Coffee With: Nonprofit Founder Oluwatoyin Ayanfodun

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Oluwatoyin Ayanfodun
Location: New York, NY
Job: Executive Director, Tomorrow's Leaders NYC
Education: B.A. in Elementary Education, Temple University
Twitter: @leadersnyc

What inspired your path into education?

I am Nigerian, but was born and raised in East New York, Brooklyn. I’ve been inspired by education since my senior year in high school. I always felt that it was imperative for me to give back to those younger than me and that education plays a huge role in the longterm trajectory of someone’s life. Seeing the lack of support services and resources for my peers inspired me to create something unique. My nonprofit, Tomorrow's Leaders NYC, helps over-aged middle school students overcome social, emotional, and academic challenges to become positive and productive leaders in their community. Many people may not get the same opportunity because of their circumstances. We want to change that.

What's something about you and your professional path that people might be surprised to learn?

For the first four years of TLNYC’s existence, I did not pay myself a salary – I funded the company with my unemployment insurance money. Working for myself has taught me the importance of sacrifice, self-discipline, and prioritizing budget and living expenses. Nothing worth fighting for comes easy. Experiencing adversity will help strengthen the sustainability of the work you are doing.

Toyin Ayanfodun

How do you spend your days?

The majority of my work day is spent providing guidance and support to TLNYC’s 15 mentors and completing administrative tasks. Our mentoring program matches high school students with professionals in one-on-one sessions. Our mentors range in age from 18-27. We also have an in-school program that serves about 80 of our students and an after-school program with about 20 students.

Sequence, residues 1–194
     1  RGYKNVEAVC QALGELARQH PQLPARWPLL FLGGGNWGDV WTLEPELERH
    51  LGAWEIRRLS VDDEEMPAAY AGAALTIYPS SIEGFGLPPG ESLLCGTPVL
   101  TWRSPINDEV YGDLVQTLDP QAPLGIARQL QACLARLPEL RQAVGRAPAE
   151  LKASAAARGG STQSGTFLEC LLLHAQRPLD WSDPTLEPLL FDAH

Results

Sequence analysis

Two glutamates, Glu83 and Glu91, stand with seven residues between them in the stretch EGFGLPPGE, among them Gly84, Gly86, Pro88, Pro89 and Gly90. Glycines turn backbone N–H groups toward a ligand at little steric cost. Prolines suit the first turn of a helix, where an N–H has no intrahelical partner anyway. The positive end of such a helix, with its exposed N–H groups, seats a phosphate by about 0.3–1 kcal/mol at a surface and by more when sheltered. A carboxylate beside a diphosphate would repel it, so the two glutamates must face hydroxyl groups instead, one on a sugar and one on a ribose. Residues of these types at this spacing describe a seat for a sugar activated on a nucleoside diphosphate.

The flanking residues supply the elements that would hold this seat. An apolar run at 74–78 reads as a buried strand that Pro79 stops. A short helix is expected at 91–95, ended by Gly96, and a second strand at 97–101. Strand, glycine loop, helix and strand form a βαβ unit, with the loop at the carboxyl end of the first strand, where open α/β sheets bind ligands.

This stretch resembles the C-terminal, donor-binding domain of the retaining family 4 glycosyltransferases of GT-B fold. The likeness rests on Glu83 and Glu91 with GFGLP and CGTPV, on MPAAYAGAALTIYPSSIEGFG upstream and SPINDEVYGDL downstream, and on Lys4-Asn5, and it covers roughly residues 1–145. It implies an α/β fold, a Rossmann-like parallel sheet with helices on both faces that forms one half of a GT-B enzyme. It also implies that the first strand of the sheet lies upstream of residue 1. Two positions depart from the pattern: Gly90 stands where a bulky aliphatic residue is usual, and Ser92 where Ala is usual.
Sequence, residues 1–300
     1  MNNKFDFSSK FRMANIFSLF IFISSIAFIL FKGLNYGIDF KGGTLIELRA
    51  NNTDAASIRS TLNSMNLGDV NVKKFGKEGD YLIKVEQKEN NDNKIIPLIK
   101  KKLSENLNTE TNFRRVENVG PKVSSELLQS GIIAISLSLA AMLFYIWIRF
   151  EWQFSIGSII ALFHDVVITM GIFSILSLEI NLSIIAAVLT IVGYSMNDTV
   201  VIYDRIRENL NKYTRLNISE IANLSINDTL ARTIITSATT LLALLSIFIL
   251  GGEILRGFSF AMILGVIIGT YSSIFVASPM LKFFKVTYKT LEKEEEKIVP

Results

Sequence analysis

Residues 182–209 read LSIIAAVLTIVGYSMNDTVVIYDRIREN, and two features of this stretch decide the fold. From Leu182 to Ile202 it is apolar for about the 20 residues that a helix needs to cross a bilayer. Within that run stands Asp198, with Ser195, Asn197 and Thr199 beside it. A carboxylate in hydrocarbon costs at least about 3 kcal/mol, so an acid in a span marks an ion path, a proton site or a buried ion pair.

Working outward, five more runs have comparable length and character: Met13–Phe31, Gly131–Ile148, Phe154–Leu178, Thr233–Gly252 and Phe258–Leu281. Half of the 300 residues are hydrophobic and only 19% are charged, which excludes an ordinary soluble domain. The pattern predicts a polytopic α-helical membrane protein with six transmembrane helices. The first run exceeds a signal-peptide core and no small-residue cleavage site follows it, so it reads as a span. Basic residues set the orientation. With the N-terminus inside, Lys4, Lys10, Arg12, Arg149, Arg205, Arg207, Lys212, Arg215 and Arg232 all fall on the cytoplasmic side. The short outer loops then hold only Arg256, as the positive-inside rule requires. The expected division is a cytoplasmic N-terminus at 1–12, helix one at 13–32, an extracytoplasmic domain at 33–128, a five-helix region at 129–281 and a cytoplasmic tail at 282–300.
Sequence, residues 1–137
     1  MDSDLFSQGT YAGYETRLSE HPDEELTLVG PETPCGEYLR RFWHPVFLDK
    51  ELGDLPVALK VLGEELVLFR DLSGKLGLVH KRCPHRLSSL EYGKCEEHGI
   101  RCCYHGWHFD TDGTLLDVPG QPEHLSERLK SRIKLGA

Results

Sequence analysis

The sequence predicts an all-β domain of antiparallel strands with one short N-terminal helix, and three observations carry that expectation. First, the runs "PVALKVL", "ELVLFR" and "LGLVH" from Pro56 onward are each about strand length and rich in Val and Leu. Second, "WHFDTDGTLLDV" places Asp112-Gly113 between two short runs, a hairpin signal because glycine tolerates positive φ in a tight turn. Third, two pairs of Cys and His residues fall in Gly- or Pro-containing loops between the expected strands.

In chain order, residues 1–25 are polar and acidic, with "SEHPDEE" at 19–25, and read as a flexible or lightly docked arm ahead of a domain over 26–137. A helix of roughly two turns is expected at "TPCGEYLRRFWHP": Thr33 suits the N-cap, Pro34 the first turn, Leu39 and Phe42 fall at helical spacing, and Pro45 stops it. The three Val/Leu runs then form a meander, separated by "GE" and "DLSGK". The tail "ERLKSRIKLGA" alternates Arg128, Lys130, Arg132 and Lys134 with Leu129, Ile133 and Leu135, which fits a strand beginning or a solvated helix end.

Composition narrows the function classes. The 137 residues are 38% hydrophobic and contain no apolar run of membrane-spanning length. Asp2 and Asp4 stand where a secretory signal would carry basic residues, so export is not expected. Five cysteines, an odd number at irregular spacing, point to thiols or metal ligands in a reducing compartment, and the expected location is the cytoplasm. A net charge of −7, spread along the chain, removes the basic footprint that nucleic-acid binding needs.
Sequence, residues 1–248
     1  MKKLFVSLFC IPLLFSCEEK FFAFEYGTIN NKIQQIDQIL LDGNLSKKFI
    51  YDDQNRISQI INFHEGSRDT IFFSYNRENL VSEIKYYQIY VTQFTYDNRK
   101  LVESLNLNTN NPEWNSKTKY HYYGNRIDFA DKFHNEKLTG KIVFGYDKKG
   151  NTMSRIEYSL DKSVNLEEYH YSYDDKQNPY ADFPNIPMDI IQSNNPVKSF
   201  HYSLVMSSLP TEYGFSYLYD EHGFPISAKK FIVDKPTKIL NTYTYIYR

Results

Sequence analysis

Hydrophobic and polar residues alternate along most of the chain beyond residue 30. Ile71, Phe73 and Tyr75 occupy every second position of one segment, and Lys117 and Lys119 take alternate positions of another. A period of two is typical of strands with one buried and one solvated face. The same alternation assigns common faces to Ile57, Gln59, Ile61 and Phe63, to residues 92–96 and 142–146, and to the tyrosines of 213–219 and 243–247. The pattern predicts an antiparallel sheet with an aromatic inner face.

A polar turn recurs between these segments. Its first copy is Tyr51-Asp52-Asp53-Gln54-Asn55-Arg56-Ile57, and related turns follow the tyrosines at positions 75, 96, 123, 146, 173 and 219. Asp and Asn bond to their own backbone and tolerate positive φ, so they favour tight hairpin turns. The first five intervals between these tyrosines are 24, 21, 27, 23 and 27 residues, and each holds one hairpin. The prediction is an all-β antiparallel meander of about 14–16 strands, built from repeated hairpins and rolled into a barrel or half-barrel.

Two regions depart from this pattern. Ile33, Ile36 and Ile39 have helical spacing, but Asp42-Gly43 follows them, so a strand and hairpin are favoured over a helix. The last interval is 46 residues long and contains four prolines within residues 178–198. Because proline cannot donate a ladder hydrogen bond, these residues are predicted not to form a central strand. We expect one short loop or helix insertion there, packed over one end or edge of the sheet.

What is the advice you wish you could have given yourself on day one of your career?

Looking back, I would have advised myself that it’s not about working hard – it’s about working smart. Consider how your decisions will affect the short and long-term sustainability of the organization. It’s also important to engage people and leverage their strengths and expertise to enhance the mission and vision of your work.

Do you have any favorite reads as of late?

I recently read Martin Luther King Jr.'s Why We Can't Wait. I believe in supporting at-risk and underserved populations, but when it comes to strategies to spark others' interests in getting involved and supporting this mission, this book really helped me.

What's the most memorable moment of your career to date?

The most memorable moment of my career was when I was selected as a fellow for Echoing Green, a global nonprofit that provides funding to social entrepreneurs committed to social change. Being selected as a fellow helps validate the work we're doing at Tomorrow’s Leaders NYC. I also love hearing from students in our program. I recently got a text from one student expressing how our program had helped change her perspective on the world for the better. That's what it is all about.

Images courtesy of Oluwatoyin Ayanfodun